Open pot canning: Can be used on food with a pH value below 4.5. This includes a wide range of fruits. This method is usually used on jams and jellies which contain relatively high amounts of sugar in addition to the acid.

Water bath canning: Can be used for the same food as mentioned above, and it has the added benefit that the food is sterilized after the jar is closed.

Pressure canning: Is the only way to go for food with higher pH values than 4.5. This includes meat, fish, fruits like peppers, pees and zucchinis, and root vegetables like potatoes and carrots. Tomatoes are fruits with variable pH, and might need pressure canning.

Step 4: Open Pot Canning

Open pot canning is what was mostly done in previous times. It doesn't really refer to the pot where you prepare the food, but to the fact that the container is open after you have finished heat-treating your food. The principle is that you sterilize jars and lids by boiling them or leaving them in the oven. The food is boiled to kill microorganisms and poured directly into the hot jars. The jars have to be capped immediately to prevent microbes from entering. The residual heat from the food and the jar will in most cases kill any microbes that might enter before capping. This is not considered true canning, as the food is exposed to the environment after it is heat treated. This method should only be used on acidic foods where there is no danger of C. botulinum growth. The only advantages of this method are that it is quick, and reduces the chance of jars cracking if you are reusing old ones. The disadvantages are that there is a chance microbes will enter the container after heat treatment, and that these microbes are not killed by the residual heat of the food. You also have to handle very hot jars and food, and at the same time make sure everything remains sterile.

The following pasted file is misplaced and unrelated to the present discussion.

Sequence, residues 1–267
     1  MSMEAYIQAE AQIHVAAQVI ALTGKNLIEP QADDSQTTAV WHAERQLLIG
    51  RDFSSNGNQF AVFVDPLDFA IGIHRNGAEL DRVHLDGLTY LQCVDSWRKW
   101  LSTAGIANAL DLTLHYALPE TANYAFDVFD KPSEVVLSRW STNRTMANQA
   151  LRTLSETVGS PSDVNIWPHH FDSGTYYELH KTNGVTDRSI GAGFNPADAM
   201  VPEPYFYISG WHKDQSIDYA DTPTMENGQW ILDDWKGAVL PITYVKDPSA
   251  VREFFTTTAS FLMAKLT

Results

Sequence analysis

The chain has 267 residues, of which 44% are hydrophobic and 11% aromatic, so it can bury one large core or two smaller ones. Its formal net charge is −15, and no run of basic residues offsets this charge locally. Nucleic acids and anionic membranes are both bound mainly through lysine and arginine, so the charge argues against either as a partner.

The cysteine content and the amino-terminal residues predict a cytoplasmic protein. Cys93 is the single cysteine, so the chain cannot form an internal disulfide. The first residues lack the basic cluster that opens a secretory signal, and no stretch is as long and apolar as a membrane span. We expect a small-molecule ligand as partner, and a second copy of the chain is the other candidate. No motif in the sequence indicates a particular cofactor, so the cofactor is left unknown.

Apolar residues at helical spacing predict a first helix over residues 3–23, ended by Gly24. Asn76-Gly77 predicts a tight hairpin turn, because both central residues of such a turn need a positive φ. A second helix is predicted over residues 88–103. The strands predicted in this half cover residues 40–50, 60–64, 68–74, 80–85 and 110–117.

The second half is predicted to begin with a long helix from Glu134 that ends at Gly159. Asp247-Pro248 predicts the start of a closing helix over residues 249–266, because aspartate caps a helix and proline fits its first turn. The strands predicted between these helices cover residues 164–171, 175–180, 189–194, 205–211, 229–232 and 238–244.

This method is typically used for jams and jellies.

Step 5: Water Bath Canning

Water bath canning can be done in two different ways. One is that you prepare the food by boiling, put it in cans, and then sterilize the cans in a water bath. The other is that the food is put into the jars raw, and the entire cooking process is done in the water bath.

The jars should be closed, and put into a water bath that covers them completely with about 5 cm of water above the lids. The boiling times for different food is something you need to check, but for pre boiled, acidic food, 10 minutes of boiling usually does the trick. Use a canning rack or towel in the bottom of the pot to make sure the jars are not in direct contact with the bottom of the pot. Direct contact can make the jar crack and the contents can get burned.